Significance Of Conceptual Framework Essay

Length: 4 pages Sources: 5 Subject: Teaching Type: Essay Paper: #38287070 Related Topics: Theoretical Orientation, Rite Of Passage, Lung Cancer, Theory X And Theory Y
Excerpt from Essay :

¶ … Lens of Ravitch & Riggan

What and where is theory?

According to Hoffman (2013) theory has a lot to do with something that is causal, For instance from the chapter they mentioned the case if X represented smoking and Y symbolized lung cancer. The authors went on to make the point that this is more than likely the most extensively assumed meaning of what theory is supposed to be. However, the chapter goes onto make the point that it could also be interpretive. It brings up the point that X symbolized race and Y denoted identity. It is unlikely that you would be suggesting that race is somehow formed by identity.

Also, the authors would be arguing the meaning of race is somehow shaped by identity. It could be, however, that a person working the theory cannot figure out whether it is X or Y that is doing the determining, or if they should imagine that the two are equally influential. In this case, the person theory would be predominantly relational. The chapter went onto to make the point that irrespective of the kind of relationship that goes on among between X and Y, all of these theories have two things that are exactly in common. According to the first chapter, one of these things is that they are a logical assembly of conceptual pieces. (Duncan, 2011). (Clayton, (2010) makes the suggestion that these pieces...

...

The chapter even presented a scenario, then the drawing on the page that was supposed to be able to represent either a plan or a theory, depending on "that X and Y indicate and the difficulty of the relationship among them. Second, they arc guarded to what is in the diagram.

When it comes to theory the chapter also brought up the point that the concepts X and Y exist as independent constructs, treated as objects under study and more or less accepted at face value. In the examples above, this means that it is assumed that we all have just about the exact thoughts in regards to what race and id entity (or cancer and smoking) are, or as a minimum what conceptual building blocks establish them. This assessment of ideas and the relationships among them is repeatedly known as the postpositivism (Creswell, 2005). This word has turn out to be something of a political big word in the academic world; those who desire to more completely involve this dispute are invited to review the (numerous) journals in disagreement for or against it. With the chapter purposes, they simply just noted that the describing specific of this view of theory is that it involves itself with philosophies or ideas as they are thought to occur, and places less importance on questions of how or why they are thought to exist by itself.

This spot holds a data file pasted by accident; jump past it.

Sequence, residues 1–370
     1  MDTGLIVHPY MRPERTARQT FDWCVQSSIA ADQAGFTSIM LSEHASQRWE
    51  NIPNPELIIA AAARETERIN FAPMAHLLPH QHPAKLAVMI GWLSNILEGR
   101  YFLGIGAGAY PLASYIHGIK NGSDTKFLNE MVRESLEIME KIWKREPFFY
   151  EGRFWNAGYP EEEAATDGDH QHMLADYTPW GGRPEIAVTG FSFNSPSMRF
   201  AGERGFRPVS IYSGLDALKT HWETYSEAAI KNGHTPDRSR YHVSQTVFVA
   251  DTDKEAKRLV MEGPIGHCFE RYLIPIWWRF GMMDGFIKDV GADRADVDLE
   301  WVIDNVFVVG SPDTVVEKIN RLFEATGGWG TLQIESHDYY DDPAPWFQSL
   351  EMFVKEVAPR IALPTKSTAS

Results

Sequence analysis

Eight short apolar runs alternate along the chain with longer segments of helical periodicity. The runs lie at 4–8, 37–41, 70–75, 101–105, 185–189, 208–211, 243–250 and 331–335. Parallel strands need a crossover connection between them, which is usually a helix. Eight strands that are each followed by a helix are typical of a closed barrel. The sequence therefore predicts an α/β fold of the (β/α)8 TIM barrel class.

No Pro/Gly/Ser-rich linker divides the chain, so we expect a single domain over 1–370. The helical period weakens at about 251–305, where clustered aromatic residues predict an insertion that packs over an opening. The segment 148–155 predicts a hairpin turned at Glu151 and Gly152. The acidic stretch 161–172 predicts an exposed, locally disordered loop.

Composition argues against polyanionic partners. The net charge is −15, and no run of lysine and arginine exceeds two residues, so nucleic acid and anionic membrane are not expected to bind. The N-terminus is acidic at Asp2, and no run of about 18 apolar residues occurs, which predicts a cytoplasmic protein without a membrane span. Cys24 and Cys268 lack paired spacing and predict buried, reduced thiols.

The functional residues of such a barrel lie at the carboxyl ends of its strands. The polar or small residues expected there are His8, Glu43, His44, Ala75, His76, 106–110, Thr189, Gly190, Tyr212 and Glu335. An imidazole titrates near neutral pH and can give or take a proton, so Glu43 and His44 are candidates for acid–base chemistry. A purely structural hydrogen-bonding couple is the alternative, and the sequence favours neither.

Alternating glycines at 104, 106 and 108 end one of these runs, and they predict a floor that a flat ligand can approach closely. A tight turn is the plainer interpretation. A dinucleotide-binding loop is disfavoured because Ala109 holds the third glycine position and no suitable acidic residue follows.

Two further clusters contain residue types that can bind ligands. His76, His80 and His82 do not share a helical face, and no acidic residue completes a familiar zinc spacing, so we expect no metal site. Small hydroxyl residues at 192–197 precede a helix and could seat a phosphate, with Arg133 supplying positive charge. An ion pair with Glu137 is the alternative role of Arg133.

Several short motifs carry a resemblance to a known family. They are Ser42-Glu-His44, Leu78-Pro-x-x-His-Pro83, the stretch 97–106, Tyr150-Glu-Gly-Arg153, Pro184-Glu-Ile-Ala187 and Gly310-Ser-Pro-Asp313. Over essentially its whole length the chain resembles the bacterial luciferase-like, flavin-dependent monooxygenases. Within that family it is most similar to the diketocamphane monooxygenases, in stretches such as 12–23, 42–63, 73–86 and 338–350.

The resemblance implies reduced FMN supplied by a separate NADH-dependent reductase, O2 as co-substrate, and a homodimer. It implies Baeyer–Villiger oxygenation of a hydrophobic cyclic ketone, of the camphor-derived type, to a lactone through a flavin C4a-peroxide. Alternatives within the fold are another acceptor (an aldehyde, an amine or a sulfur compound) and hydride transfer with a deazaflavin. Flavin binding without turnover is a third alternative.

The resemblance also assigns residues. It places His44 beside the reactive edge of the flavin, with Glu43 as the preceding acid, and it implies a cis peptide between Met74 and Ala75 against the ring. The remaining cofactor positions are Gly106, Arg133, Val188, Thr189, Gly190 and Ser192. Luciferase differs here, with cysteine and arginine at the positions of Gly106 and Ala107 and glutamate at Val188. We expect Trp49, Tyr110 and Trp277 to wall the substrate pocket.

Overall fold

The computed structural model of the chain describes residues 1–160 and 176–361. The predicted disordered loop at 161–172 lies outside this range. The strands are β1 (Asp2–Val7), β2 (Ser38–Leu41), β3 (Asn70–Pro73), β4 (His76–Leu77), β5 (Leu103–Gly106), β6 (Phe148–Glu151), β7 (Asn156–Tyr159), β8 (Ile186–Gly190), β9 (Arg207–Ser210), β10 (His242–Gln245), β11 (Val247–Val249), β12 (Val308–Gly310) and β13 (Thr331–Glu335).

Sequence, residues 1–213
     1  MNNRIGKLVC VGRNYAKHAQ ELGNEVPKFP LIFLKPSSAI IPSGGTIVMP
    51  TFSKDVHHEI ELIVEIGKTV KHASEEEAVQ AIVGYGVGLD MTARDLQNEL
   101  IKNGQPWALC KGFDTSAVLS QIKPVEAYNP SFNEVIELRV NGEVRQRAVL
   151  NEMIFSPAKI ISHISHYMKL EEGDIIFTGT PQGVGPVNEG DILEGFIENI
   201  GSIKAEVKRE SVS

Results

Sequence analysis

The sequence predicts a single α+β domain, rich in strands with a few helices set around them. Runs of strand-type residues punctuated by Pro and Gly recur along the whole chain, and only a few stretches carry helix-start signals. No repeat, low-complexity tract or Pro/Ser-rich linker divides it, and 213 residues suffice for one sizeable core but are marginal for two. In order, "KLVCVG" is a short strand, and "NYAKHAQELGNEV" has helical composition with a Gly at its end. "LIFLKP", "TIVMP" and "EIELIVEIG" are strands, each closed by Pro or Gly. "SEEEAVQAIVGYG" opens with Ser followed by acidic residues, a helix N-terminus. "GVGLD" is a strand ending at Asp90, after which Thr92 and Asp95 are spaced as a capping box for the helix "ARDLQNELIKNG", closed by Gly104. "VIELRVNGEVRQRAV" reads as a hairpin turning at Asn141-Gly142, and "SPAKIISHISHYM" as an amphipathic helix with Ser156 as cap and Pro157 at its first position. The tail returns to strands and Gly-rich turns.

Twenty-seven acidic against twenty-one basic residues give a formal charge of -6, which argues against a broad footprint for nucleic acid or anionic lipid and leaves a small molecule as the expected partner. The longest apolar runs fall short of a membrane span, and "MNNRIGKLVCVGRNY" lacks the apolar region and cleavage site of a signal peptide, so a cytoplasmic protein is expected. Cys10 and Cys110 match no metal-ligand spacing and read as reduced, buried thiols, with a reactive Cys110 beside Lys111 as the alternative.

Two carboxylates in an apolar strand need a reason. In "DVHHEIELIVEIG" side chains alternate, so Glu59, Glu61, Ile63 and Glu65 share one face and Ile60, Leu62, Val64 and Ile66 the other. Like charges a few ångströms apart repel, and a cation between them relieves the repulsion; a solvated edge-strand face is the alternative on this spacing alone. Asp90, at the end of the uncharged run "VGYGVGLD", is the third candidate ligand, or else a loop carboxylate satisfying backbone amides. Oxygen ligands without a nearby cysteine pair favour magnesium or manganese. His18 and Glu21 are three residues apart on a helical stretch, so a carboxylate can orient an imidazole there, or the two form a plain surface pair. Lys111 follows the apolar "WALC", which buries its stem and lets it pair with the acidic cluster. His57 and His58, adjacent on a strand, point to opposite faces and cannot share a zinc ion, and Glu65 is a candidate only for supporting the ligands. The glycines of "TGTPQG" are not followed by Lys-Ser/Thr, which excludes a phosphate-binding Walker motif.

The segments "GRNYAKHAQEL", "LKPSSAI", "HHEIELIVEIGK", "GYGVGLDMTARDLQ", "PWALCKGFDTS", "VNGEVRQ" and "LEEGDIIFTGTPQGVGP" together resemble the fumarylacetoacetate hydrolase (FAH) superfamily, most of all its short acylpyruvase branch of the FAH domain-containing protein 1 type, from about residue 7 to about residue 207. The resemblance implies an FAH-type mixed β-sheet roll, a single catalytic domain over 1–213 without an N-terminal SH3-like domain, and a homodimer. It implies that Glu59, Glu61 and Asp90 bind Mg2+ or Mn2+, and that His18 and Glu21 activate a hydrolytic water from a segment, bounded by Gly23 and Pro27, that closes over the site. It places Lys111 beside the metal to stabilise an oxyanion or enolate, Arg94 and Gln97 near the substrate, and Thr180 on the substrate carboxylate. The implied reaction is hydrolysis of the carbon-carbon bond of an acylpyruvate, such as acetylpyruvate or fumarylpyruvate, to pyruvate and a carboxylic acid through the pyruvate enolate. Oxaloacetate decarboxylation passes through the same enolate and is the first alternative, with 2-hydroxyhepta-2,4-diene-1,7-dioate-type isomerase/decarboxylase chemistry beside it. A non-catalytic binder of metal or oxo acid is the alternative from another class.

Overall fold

The many levels of theory: a thought experiment

According to Riggan (2011) the different levels of theory range from informal hunches to formal sets of plans that have guided, and been subject to, extensive empirical examination. The chapter made the point that suggests that theory ranges from informally held notions in regards to why things work the way they do, to theoretical orientations used for "recognizing, outlining, and solving problems," to substantiue theories concentrated on exact content instead of just relationships, to formal theories, which in principle are practical theories that have achieved a level of generalizability.

The chapter goes on to make the point that there is nothing wrong with any of these levels. Or characterizations,…

Sources Used in Documents:

References

Bhandari, A. (2013). Strategic Management: A Conceptual Framework. Chicago: McGraw Hill Education (india) Private Limited.

Clayton, P.H. (2010). Research on Service Learning: Conceptual Frameworks and Assessments (IUPUI Series on Service Learning Research). IUPUI Series on Service Learning Research.

Duncan, A. (2011). The Conceptual Framework of Quantum Field Theory. Oxford University Press; 1 edition.

Hoffman, L. (2013). Foundations Of Family Therapy: A Conceptual Framework For Systems Change. Basic Books; 1 edition.


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